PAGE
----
by Reisky Handika

Sep 27, 2016 · 5 min read

Myanmar was a place I never thought of visiting. The country — bordering Bangladesh, China, India, Laos, and Thailand — was described in my school textbooks as a closed country, ruled by a military regime. What I perceived then was a country without freedom.

That perception lasted until recently. It turns out, Myanmar is a vibrant country, populated by people who stay true to their traditions and possess great hospitality. Oh, and those beautiful, majestic temples everywhere.


Having the chance to see Myanmar up-close was a rare opportunity for me. I travelled to the country as part of a technical advisory mission for a project called ‘Affordable Technology Innovations for Rural Communities’, funded by the United Nations Development Programme (UNDP) and implemented by Mercy Corps in Myanmar. As the name suggests, the 16-month pilot project focuses on improving livelihood opportunities and social cohesion in rural communities in three states of Myanmar: Mon and Kayin in the southeast, along with Shan in the northeast.

Mercy Corps has been implementing this project by recruiting young, local entrepreneurial people to become sales agents that sell life-changing, innovative technologies to local communities. These technologies include fuel-efficient stoves and several types of solar powered lights, which are needed by people with limited access to electricity and LPG stoves.

Along with the sales agents, the business model also recruits sub-distributors and forms steering committees as the two other main players. The sub-distributors act as technology suppliers connecting the product manufacturers with the sales agents, while the steering committees serve as the bridge to help promote the products as well as improve participation of marginalised groups in the community.

Kopernik served as the technical advisor in the project. Kopernik staff visited the project sites on four different occasions, and collected information from the sales agents, sub-distributors, and steering committees to see how efficiently and effectively the project was implemented. We shared our observations and insights with both Mercy Corps and the UNDP after each mission.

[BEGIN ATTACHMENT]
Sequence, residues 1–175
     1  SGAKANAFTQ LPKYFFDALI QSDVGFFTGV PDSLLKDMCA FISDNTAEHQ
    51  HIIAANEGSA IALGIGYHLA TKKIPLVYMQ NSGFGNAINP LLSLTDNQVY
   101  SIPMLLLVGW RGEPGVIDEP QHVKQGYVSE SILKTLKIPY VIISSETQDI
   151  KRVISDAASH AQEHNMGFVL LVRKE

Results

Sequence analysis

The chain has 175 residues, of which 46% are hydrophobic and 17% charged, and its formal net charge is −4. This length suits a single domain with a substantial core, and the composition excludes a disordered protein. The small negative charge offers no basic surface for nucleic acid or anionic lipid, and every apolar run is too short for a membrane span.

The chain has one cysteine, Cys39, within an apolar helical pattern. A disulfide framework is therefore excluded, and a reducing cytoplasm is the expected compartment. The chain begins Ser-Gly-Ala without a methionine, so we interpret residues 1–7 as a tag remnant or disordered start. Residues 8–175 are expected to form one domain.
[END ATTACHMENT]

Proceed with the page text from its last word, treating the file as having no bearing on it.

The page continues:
Being involved in this project made it hard for me to avoid comparing it with our Wonder Women program in Indonesia. I learned numerous lessons on how to run our program more effectively given the similarities between our models: encouraging female entrepreneurs, innovative technologies, social impact, and the hope to sustain the business model into the future.

What was surprising about this project is the fantastic success of recruiting 40 sales agents (male and female, age 18–46 years old) that have successfully promoted and sold 471 solar products and more than 4,000 stoves in only seven months (November 2015-May 2016). In terms of the stoves, this commendable achievement might be due to the omnipresence of health-damaging three-stone fires and traditional firewood stoves in many areas in Myanmar, along with the rarity of access to LPG stoves.

However, from the sustainability perspective both models realise a similar challenge regarding the subsidies of the distributed technologies. For the Myanmar program they cover the transportation costs, commissions for both sales agents and sub-distributors, and price subsidy to lower the final retail price. Our collective challenge is to formulate a plan for when these subsidies are eventually taken out of the pricing structure once the project in Myanmar ends in August.

Another key takeaway that was relevant to our Wonder Women program is the sub-distributor role. As we plan to phase out from some of our program locations over the coming year, we could consider creating shops or kiosks that would serve as technology suppliers to our Wonder Women. This way our Wonder Women would be able to procure life-changing technologies, sell them, gain additional income, and allow end-users to benefit from these innovative products, all without Kopernik support.

Some other points that impressed me about this project:

  • There was such a high level of commitment from all sub-distributors we visited to the social impact goal of the project. They chose not to sell the technologies to the public for their own economic benefit but rather prioritised providing products to their sales agents first.
  • There was a clear system for recruitment with comprehensive guidelines and paperwork provided to all sales agents and sub-distributors.
  • There was effective and informative training provided to the sales agents and sub-distributors last year. It was so well-received that almost all sales agents and sub-distributors asked for another session to further their training.

When I finally got back to Indonesia after the trip, I felt optimistic about integrating some of the things I learned into our Wonder Women work. Yes, there are uncontrollable factors that are unique to Myanmar and Indonesia that affect the outcomes of each program. However, we have power over the controllable ones that we can adopt and implement to improve our model. I look forward to working on these things with the Wonder Women Indonesia team to hopefully reach a greater level of empowerment for our entrepreneurial women all around Indonesia.

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Kopernik connects simple, life-changing technology with the people who need it the most. We’ve reached more than 330,000 people to date.

If you’d like to see more findings from our program and research work, view our Kopernik Insights series.

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Finding what works to reduce poverty in the last mile. Based in Bali, serving the most remote parts of the developing world.

Kopernik in Action

Inspiring stories about the people we serve in the last mile

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